The risk for childhood malignancies in offspring of obese mothers: A population-based cohort study

Roy Kessous, Tamar Wainstock, Miriam Ben Harush, Asnat Walfisch, Eyal Sheiner

Research output: Contribution to journalMeeting Abstract


Fetal origins of adult disease are of major interest. Potential long-term effects of the intrauterine environment on offspring's health have long been studied. We aimed to evaluate the effect of maternal obesity on the long-term risk for childhood malignancies in the offspring.

Study Design
A population based cohort analysis was performed comparing the risk for long-term childhood malignancies (up to the age of 18 years) in children born to mothers with and without pre-gestational obesity (defined as maternal pre-pregnancy body mass index of 30 kg/m2 or more). Childhood malignancies were pre-defined based on ICD-9 codes, as recorded in the hospital medical files. Deliveries occurred between the years 1991-2014 in a tertiary medical center. Newborns with congenital malformations and children with benign tumors were excluded from the long term analyses. A Kaplan-Meier survival curve was constructed to compare cumulative oncological morbidity in both groups over time and a Cox proportional hazards model was used to control for confounders.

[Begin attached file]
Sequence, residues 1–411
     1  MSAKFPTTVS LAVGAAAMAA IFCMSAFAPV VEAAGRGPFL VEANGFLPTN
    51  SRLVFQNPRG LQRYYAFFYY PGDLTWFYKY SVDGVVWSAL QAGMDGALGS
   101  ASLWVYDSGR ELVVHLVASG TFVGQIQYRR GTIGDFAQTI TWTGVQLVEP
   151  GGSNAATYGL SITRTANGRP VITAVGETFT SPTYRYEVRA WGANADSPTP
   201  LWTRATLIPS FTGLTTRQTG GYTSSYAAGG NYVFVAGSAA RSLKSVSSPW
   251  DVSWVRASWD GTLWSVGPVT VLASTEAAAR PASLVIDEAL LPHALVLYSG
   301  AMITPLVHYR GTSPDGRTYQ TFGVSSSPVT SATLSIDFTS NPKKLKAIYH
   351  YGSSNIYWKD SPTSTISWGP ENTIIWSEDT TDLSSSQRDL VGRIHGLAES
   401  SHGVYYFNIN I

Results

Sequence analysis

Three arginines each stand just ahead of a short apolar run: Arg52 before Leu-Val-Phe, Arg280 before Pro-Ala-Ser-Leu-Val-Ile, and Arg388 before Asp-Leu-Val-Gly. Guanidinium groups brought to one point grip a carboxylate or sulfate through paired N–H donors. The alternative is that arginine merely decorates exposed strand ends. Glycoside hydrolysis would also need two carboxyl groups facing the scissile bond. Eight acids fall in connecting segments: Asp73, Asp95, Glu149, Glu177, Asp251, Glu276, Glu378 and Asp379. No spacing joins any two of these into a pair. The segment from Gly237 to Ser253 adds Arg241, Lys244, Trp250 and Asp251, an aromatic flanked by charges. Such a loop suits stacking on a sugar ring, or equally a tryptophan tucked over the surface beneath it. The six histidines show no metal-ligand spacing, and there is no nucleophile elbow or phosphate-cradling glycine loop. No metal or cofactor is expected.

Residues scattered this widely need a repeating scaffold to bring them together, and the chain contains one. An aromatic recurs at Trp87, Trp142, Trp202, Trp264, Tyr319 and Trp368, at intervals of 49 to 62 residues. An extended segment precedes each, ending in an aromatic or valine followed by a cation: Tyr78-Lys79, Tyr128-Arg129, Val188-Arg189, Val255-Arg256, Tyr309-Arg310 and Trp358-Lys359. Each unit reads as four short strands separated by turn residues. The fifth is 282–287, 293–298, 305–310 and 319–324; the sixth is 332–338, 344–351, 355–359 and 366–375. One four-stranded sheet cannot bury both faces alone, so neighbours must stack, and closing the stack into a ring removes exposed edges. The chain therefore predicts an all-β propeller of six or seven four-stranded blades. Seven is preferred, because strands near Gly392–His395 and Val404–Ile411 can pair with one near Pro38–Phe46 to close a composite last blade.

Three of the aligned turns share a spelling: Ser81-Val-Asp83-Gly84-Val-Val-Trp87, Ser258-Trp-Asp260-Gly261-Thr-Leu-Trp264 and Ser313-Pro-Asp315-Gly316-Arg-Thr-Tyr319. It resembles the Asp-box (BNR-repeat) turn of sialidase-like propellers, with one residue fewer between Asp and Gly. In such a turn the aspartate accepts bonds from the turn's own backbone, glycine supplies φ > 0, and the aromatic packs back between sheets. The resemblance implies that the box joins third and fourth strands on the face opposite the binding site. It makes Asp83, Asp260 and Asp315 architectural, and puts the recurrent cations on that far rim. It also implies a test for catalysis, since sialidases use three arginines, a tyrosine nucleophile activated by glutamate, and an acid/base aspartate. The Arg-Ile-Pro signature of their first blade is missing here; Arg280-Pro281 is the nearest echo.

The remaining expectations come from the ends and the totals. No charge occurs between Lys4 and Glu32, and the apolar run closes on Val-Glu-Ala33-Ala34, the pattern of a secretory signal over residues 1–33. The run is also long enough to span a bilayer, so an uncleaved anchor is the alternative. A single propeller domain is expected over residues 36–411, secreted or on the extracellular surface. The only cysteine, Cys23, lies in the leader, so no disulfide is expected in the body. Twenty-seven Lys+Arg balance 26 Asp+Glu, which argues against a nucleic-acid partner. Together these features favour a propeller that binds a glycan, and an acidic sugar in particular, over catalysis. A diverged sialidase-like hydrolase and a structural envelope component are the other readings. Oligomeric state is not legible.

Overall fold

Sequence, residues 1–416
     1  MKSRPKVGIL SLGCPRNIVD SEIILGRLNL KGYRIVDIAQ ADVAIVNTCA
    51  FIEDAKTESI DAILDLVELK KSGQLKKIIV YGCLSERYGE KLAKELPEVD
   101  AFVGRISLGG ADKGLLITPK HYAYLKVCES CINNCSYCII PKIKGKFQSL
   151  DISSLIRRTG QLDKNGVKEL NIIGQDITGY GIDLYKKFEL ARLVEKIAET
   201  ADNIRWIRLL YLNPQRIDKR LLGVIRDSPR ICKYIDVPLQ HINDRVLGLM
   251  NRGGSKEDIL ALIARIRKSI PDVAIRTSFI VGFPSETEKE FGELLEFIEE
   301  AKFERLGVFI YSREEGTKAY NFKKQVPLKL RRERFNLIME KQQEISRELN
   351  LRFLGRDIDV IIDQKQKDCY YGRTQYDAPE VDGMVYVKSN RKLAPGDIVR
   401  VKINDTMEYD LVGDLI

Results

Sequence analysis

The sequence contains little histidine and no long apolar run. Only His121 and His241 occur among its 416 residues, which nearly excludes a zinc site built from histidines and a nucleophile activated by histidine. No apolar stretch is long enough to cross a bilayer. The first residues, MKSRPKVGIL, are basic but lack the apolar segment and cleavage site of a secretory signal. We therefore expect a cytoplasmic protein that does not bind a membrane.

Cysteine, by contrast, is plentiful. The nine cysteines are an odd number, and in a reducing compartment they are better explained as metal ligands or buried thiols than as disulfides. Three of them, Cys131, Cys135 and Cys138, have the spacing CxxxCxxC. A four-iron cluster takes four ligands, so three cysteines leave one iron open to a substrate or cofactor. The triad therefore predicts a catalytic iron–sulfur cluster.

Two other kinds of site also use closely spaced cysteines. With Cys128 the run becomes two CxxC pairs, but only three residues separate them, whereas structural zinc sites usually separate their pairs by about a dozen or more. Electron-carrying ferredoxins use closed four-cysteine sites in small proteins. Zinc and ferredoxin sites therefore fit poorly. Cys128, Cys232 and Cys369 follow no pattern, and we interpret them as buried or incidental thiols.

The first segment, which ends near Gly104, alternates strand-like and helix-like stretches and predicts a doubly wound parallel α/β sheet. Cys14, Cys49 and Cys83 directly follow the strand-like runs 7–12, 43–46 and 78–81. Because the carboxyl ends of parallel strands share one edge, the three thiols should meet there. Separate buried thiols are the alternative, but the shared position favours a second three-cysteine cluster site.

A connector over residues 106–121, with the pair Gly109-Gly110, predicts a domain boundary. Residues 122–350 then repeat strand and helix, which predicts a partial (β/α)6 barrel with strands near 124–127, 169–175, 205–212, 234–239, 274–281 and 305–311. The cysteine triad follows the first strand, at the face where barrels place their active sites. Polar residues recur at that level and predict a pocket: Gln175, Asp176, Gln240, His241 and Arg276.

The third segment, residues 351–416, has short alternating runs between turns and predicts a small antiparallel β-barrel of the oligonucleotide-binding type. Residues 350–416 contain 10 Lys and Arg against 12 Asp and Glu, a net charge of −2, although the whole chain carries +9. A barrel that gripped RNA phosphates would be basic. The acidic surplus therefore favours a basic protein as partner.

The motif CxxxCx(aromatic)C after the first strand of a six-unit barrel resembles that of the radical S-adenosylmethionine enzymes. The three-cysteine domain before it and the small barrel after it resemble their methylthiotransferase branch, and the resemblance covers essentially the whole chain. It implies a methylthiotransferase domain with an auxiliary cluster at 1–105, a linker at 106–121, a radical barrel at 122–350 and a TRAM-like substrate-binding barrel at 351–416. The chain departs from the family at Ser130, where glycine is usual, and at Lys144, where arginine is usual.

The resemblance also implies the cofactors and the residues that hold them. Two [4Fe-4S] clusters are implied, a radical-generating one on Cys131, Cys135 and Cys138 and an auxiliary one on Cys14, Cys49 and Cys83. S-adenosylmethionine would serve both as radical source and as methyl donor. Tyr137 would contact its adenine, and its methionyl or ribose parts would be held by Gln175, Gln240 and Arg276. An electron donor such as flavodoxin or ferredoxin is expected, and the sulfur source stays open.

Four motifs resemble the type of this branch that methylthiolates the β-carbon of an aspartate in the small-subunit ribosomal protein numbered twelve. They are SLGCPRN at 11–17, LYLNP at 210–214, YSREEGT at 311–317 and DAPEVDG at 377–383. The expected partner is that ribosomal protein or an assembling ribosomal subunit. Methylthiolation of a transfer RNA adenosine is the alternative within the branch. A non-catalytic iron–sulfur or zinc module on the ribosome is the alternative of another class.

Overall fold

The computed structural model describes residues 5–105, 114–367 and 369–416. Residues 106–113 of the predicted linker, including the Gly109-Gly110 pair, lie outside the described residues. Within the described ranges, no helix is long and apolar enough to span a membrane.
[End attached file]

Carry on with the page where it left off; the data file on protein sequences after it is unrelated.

During the study period 241,273 newborns met the inclusion criteria; 3268 of which were born to obese mothers. Offspring to obese mothers presented a significantly higher risk of several childhood (head and neck, vulva or vagina, ophthalmic, adrenal and brain; Table) as well as an increased risk for total childhood malignancies (OR=2.1, 95% CI 1.2-3.7; p=0.010). The cumulative incidences of total oncological morbidity, using a Kaplan-Meier survival curve, was significantly higher in offspring of obese mothers (Log rank test p=0.023; Figure). In the Cox regression model, while controlling for maternal age, maternal diabetes, preterm delivery and hypertensive disorders, pre-pregnancy obesity remained an independent risk factor for childhood malignancies in the offsprings (adjusted HR 1.9, 95% CI 1.1-3.4, p=0.028).

Maternal obesity may create an intrauterine environment that leads to an increased risk for childhood malignancies in the offspring’s.
Original languageEnglish GB
Pages (from-to)S386-S386
JournalAmerican Journal of Obstetrics and Gynecology
Issue number1
StatePublished - Jan 2018


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